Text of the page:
Some musicians shine in the studio but don’t quite have what it takes live and on stage. Here are some male performers who could/can do both. Women to follow shortly.
FLY ME TO THE MOON/FRANK SINATRA
Who and what is “cool”? That reminds me of Supreme Court Justice Potter Stewart’s comment about pornography and obscenity: “I know it when I see it.” What’s “cool”? Watch this. Sinatra was so at ease with himself, so subtle. A flick of his head, a slight movement of his shoulders, a swinging style and a great storyteller.
TUPELO HONEY/VAN MORRISON
Some of Van Morrison’s performances move me like no other artist. Listen to this one, which includes an incredibly inspired solo by saxophonist Pee Wee Ellis.
TO BE LOVED/LONELY TEARDROPS/ ALONE AT LAST JACKIE WILSON
Before there was Michael Jackson there was James Brown and before Brown there was Jackie Wilson. Known as Mr. Entertainment, Wilson could dance and sing like few others. Here, Wilson’s brilliant multi-octave tenor is on display.
TRY A LITTLE TENDERNESS/OTIS REDDING
Otis Redding was a major figure in soul and R and B during the early and mid-sixties. First recognized for his soulful and highly energized live performances, Redding soon became a major recording artist. His last hit, Dock of the Bay, was recorded a few days before his death in late 1967 and released in early 1968. Redding died in a plane crash at the age of twenty-six. Here’s Otis and “Try A Little Tenderness” performed during one of his fabulously successful European tours.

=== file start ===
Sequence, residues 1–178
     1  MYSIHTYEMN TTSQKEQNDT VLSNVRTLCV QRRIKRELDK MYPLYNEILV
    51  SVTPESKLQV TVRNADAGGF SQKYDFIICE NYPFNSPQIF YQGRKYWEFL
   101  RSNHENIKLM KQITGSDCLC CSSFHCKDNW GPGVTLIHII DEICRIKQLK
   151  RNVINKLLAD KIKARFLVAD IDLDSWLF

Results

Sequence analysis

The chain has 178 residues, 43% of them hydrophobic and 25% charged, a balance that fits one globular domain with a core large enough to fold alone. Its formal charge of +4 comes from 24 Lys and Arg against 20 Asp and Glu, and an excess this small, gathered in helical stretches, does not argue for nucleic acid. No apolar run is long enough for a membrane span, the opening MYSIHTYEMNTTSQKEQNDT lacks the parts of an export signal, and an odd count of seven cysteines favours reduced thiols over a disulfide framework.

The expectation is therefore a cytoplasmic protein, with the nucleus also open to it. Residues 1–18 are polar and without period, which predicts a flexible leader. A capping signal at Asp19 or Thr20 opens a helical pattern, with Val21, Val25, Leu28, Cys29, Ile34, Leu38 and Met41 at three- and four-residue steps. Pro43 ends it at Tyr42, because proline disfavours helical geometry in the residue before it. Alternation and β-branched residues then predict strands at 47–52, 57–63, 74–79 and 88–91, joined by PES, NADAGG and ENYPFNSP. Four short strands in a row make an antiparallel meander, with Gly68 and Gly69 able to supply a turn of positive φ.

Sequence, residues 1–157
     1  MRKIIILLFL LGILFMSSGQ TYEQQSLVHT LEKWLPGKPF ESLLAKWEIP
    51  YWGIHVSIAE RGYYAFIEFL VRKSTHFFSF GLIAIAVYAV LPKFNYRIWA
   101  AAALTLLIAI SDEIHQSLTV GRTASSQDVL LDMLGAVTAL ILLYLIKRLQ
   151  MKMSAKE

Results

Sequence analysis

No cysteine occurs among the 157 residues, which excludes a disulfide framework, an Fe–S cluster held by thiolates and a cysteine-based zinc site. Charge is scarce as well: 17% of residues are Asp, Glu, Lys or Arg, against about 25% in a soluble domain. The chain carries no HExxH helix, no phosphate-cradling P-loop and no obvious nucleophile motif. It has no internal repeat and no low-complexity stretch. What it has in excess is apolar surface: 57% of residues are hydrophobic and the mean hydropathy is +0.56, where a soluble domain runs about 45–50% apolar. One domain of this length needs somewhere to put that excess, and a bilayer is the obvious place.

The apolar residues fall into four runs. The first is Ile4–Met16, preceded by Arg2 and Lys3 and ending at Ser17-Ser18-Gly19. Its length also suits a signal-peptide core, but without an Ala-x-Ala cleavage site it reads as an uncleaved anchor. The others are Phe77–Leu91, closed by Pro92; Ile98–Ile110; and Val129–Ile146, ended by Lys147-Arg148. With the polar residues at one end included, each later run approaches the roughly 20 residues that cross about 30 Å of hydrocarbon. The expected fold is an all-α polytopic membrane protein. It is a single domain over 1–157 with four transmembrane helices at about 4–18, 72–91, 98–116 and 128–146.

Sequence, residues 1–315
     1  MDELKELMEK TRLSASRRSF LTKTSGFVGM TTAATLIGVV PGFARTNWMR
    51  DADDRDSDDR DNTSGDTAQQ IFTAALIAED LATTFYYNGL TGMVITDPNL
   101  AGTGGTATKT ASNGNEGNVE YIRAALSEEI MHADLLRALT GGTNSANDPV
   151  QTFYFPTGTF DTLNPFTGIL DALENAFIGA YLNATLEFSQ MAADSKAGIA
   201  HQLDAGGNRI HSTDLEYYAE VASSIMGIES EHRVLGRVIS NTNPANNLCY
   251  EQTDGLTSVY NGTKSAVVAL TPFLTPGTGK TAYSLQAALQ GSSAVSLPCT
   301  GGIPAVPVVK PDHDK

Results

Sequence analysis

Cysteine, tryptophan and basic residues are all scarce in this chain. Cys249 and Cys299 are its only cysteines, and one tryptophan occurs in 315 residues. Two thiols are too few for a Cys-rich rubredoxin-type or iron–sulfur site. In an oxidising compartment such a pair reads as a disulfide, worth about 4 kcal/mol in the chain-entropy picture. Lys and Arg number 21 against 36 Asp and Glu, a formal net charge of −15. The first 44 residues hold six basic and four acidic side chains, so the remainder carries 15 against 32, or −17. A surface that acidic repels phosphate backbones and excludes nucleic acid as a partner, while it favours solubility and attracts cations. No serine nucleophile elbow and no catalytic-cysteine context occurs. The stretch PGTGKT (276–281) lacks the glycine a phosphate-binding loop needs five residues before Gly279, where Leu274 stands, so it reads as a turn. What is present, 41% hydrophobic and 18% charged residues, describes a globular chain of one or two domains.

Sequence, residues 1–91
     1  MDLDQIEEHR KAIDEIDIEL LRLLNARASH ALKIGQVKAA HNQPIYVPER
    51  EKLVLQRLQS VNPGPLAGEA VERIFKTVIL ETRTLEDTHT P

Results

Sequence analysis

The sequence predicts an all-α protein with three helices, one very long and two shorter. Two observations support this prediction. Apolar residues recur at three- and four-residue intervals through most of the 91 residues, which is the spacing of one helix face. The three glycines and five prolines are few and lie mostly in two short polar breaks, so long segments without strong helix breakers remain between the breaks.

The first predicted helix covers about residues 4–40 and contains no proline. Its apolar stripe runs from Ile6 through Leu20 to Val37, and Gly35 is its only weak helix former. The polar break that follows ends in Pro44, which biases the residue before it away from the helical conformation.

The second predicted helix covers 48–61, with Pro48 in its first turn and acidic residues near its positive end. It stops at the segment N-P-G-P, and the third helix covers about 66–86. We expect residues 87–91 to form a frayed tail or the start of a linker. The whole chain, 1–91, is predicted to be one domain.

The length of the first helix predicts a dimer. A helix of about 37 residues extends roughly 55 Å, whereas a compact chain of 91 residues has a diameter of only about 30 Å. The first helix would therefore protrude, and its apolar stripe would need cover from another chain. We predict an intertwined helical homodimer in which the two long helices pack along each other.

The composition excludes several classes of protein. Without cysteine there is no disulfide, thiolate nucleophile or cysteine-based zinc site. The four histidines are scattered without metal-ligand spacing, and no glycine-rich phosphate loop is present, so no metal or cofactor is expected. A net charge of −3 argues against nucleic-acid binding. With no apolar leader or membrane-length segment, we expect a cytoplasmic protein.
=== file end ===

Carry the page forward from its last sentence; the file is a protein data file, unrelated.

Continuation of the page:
SO WHAT/MILES DAVIS AND JOHN COLTRANE
In the mid-fifties Miles Davis lead a small band, which included the young saxophonist, John Coltrane. Their music changed the course of jazz. In this video both are featured in “So What” a song from Miles’ seminal album Kind of Blue. The best selling jazz album of all time is also, arguably, one of he most influential musical works ever produced. While Miles and Trane made incredible music there were times when Miles would become impatient with Coltrane’s lengthy solos. Coltrane would respond to Miles exasperation with, “I don’t know how to stop ,” to which Miles would respond, “Just take the effin horn out of your mouth.”
NESSUN DORMA/LUCIANO PAVAROTTI
And what was the best live performance I ever attended? Not even close. Listen to this now popular video of Luciano Pavarotti. Adults, dressed to the nines, were standing on their seats, cheering. Never saw anything like it. It still raises the hair on my arms when I listen to it.
Written and compiled by Charles R. Hale.